2018 Program: Immigrant Rights
Communities of color across the United States are under siege by an unforgiving and destructive police state. While there is positive movement to transform laws that lead to over-criminalization, many communities still feel the brunt of a system infected with structural racism that includes unfair laws that criminalize even the most minor actions, contact with biased police that operate under policies that breed a culture of violence, and a correctional system that serves as a disposal system. Unjust law enforcement policies and practices, and a racist culture of police violence have poured into our public schools, specifically schools serving Black and Brown children, and continue to manifest in our neighborhoods and in immigration enforcement through ICE raids, 287G arraignments, gang databases, and the deputizing of local police departments.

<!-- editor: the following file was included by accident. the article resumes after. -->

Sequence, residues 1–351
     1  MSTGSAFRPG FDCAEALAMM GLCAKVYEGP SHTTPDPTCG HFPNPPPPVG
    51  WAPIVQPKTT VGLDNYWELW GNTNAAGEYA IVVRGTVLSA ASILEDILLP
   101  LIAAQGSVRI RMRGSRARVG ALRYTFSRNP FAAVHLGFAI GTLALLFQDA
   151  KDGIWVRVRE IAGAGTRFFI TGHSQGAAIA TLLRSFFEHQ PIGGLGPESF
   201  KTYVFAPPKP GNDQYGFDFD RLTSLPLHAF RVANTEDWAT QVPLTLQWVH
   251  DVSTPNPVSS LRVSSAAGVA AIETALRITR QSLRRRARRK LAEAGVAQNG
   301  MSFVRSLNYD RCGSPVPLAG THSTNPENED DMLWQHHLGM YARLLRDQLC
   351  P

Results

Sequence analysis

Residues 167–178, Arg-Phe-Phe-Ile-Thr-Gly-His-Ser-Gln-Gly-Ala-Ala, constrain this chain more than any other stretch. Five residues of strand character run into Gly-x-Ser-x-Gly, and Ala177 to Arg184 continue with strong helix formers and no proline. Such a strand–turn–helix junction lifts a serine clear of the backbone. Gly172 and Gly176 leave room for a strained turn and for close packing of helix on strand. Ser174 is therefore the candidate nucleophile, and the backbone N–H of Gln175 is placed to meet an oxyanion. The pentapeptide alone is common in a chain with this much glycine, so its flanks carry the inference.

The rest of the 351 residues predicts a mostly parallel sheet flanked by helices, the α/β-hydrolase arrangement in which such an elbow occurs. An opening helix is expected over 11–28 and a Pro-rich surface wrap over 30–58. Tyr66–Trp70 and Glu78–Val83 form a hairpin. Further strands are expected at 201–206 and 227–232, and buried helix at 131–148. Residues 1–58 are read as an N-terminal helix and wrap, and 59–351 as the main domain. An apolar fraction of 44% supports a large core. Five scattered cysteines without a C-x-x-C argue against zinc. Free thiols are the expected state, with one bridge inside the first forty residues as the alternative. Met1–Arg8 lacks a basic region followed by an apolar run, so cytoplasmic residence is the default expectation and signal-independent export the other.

As a result, communities and families have been devastated, lacking a sense of safety and justice. Grassroots organizations who can hold systems accountable must be at the forefront for there to be sustainable change. These communities should be engaged in reimagining safety.
This workshop will explore the interconnectedness of policing, immigration enforcement, school militarization that prohibits our communities from living free and safe. Through presentation, sharing and activities, participants will explore design of campaigns to that connect our communities, work and vision of safety. Participants will be provided with tools to wage intersectional efforts to address these issues within their communities.